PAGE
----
Lifeline is, well, an interesting game. Game is used lightly, here. Any gameplay presented is literally boiled down to two choices. At any given time. That’s it. The gameplay here is not the reason to keep with Lifeline. Lifeline is more accurately described as an interactive, real time choose your own adventure novel. But it’s one of the best experiences I’ve had so far this year.
Booting up Lifeline, you are greeted from an IM client style message from a deserted astronaut named Taylor, who has crashed landed on a strange foreign moon. For what it’s worth, he’s still alive, he can breath the air, but other than this he’s a little royal fucked. This is where you’re left; you are the sole person who has “responded to his distress calls” and he’s relying on you to help him navigate through his deserted-ness. This is the core of Lifeline, now. Taylor sends you many messages, and then you get a choice of two dialogue options. Either some way to interact with his character, and perhaps make a joke, or he’s often incredibly interested in your opinion as to what he should do.
I say “interested in your opinion” instead of, “making choices for him” because this is the point where it’s more interactive literature instead of a game. He may ask your opinion on what to do, but he is a person, with his own thoughts and opinions about what his course of action should be. He may hear a bump in the night, and will ask you, “Hey should I go check it out? Or just roll back over and go to sleep?” If you tell him to go look into it, he’ll say, “No! I don’t really feel like doing that. I could die.” This is one of the pillars that is the crux of why this game is so interesting to me.
Lifeline, because it is trying to convey itself as more of a book and less of a game in certain aspects, the writing becomes much more alive and feels much more human than any of the visual novels I’ve played. There are fantastic moments where Taylor is frantically sending you messages, trying to describe what’s happening in front of him to you, and it feels so real. You panic as much as he panics. For the past week it has been a real rollercoaster of survival trying to keep Taylor alive, and determining the best courses of action to be taken.
It’s an interesting story, because I’m not sure it has a real end. I’m not sure the end result is going to be that Taylor makes it home. It’s a sad reality to crash land on a foreign moon, with no real supplies. It’s all quite hopeless, realistically. And that’s part of the journey you take with Taylor. You’re his co-captain, his moral support, and his only friend in that moment.
The other thing that real has kept driving me forward in this game is the real-time aspects of it. It takes place in “real time”, often the things that Taylor does during his day take time. Climbing through a crater, finding supplies, fashioning objects, all of these things can take hours of yours and his time. So he’ll start doing something, and it can be anywhere from five minutes, to four hours before he sends a message back. It’s these moments that make him feel a lot more real than he has any right to be considering he’s a fictional character in an interactive piece of literature.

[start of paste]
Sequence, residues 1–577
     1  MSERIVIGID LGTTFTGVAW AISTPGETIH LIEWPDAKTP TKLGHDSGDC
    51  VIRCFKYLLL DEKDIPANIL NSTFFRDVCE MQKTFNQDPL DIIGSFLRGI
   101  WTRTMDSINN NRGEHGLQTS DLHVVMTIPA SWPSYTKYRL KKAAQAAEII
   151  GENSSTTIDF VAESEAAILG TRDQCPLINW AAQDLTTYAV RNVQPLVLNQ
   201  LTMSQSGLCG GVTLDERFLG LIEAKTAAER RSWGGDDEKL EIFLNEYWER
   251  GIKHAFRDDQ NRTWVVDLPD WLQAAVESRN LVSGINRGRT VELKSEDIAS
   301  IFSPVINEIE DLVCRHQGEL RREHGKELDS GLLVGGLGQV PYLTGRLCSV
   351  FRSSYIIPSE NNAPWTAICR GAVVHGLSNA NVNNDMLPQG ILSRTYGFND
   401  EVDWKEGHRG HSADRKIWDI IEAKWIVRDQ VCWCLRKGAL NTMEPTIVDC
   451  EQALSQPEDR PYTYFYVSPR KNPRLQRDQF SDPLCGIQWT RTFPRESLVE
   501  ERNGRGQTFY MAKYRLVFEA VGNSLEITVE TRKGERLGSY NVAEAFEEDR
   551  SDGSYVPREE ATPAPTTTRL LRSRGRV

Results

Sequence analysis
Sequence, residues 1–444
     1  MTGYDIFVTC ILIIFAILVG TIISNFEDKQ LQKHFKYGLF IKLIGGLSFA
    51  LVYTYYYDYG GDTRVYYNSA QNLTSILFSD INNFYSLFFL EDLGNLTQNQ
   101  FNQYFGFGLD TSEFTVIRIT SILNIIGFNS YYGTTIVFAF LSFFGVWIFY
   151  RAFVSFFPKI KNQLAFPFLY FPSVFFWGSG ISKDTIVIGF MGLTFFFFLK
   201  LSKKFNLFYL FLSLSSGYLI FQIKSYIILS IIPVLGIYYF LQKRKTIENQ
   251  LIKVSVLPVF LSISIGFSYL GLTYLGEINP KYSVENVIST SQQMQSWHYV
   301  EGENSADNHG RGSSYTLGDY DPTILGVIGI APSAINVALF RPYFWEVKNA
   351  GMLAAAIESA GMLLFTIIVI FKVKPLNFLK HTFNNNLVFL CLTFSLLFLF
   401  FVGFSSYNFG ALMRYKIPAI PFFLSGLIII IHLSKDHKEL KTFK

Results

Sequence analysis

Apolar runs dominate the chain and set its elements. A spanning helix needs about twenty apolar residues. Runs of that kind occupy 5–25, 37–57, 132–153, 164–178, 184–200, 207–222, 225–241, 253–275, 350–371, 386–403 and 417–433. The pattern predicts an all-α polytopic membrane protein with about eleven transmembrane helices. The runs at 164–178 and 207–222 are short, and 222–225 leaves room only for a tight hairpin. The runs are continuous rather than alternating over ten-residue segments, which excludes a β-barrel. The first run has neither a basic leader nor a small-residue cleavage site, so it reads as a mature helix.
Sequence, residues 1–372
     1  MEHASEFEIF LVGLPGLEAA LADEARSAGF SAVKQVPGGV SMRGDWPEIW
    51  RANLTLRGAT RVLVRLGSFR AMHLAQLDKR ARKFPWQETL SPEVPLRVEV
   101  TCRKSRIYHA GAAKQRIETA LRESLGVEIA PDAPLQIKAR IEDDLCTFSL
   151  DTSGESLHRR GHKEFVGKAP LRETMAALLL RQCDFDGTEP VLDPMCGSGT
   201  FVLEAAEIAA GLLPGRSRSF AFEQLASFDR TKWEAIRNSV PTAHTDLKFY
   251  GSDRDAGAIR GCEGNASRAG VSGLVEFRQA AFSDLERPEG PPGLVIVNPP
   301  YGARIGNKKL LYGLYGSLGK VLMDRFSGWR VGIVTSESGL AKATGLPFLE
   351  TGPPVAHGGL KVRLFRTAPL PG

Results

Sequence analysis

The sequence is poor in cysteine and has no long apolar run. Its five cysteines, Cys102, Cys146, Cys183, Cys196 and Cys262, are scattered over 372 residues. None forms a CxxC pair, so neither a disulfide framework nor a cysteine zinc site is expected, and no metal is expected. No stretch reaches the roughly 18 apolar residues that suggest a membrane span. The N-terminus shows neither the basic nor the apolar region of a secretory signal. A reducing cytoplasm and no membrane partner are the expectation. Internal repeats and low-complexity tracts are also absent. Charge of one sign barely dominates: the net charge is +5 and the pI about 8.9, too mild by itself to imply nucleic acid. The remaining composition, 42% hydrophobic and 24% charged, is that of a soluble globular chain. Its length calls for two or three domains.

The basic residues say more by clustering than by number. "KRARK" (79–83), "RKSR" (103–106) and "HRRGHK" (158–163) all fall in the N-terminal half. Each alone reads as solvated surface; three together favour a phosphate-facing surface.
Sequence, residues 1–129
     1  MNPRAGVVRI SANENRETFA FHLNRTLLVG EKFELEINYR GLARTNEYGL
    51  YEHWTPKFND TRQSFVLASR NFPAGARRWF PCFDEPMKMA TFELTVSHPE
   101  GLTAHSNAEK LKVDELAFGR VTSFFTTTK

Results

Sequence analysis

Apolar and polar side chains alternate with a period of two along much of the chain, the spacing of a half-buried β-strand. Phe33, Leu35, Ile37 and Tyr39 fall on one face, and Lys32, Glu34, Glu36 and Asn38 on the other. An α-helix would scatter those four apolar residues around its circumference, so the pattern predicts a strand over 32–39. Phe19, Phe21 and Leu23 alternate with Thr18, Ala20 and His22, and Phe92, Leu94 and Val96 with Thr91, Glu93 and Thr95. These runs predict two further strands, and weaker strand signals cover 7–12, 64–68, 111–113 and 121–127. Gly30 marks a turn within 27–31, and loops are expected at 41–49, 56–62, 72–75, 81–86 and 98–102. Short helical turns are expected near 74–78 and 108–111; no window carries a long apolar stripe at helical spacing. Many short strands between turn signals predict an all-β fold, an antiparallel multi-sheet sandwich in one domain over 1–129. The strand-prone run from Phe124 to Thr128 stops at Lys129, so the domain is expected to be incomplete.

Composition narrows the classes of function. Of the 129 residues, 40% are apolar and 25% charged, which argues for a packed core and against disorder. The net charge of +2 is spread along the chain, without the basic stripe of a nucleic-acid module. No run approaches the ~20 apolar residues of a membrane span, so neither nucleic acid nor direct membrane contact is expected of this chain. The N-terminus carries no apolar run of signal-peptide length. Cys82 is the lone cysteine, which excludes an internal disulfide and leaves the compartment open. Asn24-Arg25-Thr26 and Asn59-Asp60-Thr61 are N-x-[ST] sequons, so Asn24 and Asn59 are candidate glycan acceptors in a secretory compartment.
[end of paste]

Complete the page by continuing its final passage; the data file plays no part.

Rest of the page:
There are mistakes that you can make in giving Taylor suggestions over the course of the game. He can die. This hasn’t happened to me, yet. Somehow I’ve managed to keep him alive for this past week. When he dies, you gain access to a mode of the game where you can rewind back to decisions, and turn off the real time parts of the game. This is where it really becomes the iOS game ‘Lifeline’. Now you’re playing against the decisions that lead to his death. I’m not sure the game succeeds here. I’m not sure this is what the game should do.
Lifeline, once Taylor dies, I think it loses all of the magic of itself. For the game to retain its magic, it’s need to be that Taylor just dies, and you would be forced to move on, knowing you killed him. When Taylor dies, his character dies to me. And instead of him feeling like a person, an me wanting to interact with him like a person, he becomes just a means to an end. A means to figure out the mystery that is on that moon. Taylor either needs to die, or you need to successfully get him home on the first try. No part of the game is more important that the other, however they all need to be there in order for that experience to be had. With one part removed, I.E., when you kill Taylor and you realize that he can rewind back to the decision that killed him, it really kills the magic for me. That’s a huge shame. Lifeline is an amazing experience.
My recommendation? Play Lifeline. Play as long as you can. Be careful, try to keep Taylor alive. It’ll hopefully be as amazing for you as it was for me. But if he dies? Uninstall the app, and never look back. You’ve killed him. As harsh as it is, just move on and find something else to play.
Update: I have just “finished” my play through as of Wednesday. The way it finished for itself for me was a little underwhelming. Maybe had I made different choices for Taylor, it would have ended differently. Maybe I got the “bad ending.” Or maybe I didn’t even make it to the end at all. But one thing’s for sure; I think most people should play Lifeline, and I hope you enjoy it as much as I did.